Can Stormont closed shop lead us to future we crave?
It is becoming more evident by the day that the Stormont coalition of five parties is really a stitch-up between the Democratic Unionists and Sinn Fein. The decision-making process over the Girdwood site in north Belfast illustrates the manner in which the Executive works.
Months, then years, can pass without any decision emerging - from Girdwood to the Maze prison; from the 11-plus to the reform of local councils; from the last Programme for Government, which delivered so little, to the current one, much of which remains stuck in some pipeline linking the DUP offices to Sinn Fein.
In the 1960s, deals were done between the Ulster Unionist Party and the then Nationalist Party as to where houses should be built and how segregated education could be supported and developed. The DUP has not the unbridled power of the old Unionist Party and, unlike the Nationalists, Sinn Fein is now on an equal footing.
With no one having the upper hand, the Stormont Executive works at its own bewildering pace. The fact that it has taken six years to reach any decision on what to do with the former Girdwood military base seems of little consequence.
Nothing is agreed until the DUP and Sinn Fein agree and the signs are that the horse-trading between the two parties is intensifying, while the views of other parties are increasingly by-passed.
The two main parties are doing their own thing. Having caucus meetings. Admittedly, spending a lot of time agreeing to disagree, eventually passing matters up the line to the Office of First and deputy First Minister for final approval between the DUP leader, Peter Robinson, and his Sinn Fein counterpart at Stormont, Martin McGuinness.
This process must lead, inevitably, to tensions with other parties in the Executive, if not their eventual withdrawal from the coalition.
The latest evidence was revealed in the past week, when the Alliance leader, David Ford, said his party was pulling out of community relations talks because its views had been ignored. Mr Ford said: "We have lost our faith in the integrity and value of this process."
"All boycotter Ford and the 'We won't build a consensus' party' have done is to demonstrate immaturity and an inability to work with anybody but themselves," was the First Minister's riposte to one of his Executive's most prominent members.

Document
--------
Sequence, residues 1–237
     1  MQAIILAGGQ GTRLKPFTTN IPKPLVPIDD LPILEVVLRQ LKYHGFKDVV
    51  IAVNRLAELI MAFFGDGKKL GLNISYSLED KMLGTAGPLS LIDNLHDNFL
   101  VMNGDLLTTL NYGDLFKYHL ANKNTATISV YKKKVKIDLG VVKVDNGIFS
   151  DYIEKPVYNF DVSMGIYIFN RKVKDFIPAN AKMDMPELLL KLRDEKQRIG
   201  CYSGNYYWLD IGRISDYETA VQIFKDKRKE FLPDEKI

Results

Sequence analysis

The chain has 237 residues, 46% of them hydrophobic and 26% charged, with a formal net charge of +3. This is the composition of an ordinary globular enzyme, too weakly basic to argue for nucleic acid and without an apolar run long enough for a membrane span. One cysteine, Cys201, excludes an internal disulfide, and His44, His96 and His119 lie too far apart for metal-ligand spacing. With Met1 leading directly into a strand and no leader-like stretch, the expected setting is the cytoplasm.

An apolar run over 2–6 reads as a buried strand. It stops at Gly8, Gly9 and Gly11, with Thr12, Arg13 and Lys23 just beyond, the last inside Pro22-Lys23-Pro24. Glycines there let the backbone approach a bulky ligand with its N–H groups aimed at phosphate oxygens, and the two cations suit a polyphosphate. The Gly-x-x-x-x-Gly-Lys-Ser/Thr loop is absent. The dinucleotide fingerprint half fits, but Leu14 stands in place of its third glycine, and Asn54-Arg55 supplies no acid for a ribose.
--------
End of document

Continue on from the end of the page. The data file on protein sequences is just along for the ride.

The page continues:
The question many may well ask is why the likes of David Ford take such political insults on the chin and continue to stay in an Executive which appears to have hidden power-bases well beyond his reach?
Alliance is not alone. The Ulster Unionists and SDLP - like Alliance - baulk at any suggestion of stepping away. Having a relatively powerless token minister in the Executive is seen by all of these parties as better than having no responsibility at all.
The mark of the Stormont Executive has been its ability to take longer than could be imagined to arrive at decisions on many important issues.
No agreed legislation means little, or nothing, to debate in the Assembly chamber. MLAs have been hard-pressed to stretch out debates in plenary sessions in recent months. For much of the time, the Stormont Assembly looks more like a talking- shop.
We are told that legislation is coming down the pipeline. On the evidence to date, it is a slow drip and far from satisfactory.
Stormont's greatest achievement has been in the preservation of peace in Northern Ireland, but the point has come where more is required.
That means we are likely to see a welter of legislation in the next year or two, in contrast to the failure of the Executive to govern effectively and decisively to date.
The Executive and Assembly has got until the next election, in 2015, to prove that devolution really delivers and is not simply a costly, bureaucratic, over-manned replacement for direct rule.
The two main parties are incentivised to barter behind closed doors in an effort to unblock the pipeline of future legislation.
Maybe that is the only way forward for Northern Ireland - the politics of 'I'll scratch your back if you agree to scratch mine'. Where it leaves the other three parties in the Executive is anybody's guess.
At best, the deals between the DUP and Sinn Fein amount to political pragmatism in a divided society. At worst, they ensure our divisions will never go away.